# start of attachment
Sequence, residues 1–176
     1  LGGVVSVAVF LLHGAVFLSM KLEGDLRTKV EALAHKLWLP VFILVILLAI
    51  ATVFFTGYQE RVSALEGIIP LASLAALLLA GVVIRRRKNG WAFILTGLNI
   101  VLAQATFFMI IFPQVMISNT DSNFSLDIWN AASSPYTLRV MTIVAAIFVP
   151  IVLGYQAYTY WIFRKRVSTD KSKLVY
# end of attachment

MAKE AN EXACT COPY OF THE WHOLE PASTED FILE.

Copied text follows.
Sequence, residues 1–176
     1  LGGVVSVAVF LLHGAVFLSM KLEGDLRTKV EALAHKLWLP VFILVILLAI
    51  ATVFFTGYQE RVSALEGIIP LASLAALLLA GVVIRRRKNG WAFILTGLNI
   101  VLAQATFFMI IFPQVMISNT DSNFSLDIWN AASSPYTLRV MTIVAAIFVP
   151  IVLGYQAYTY WIFRKRVSTD KSKLVY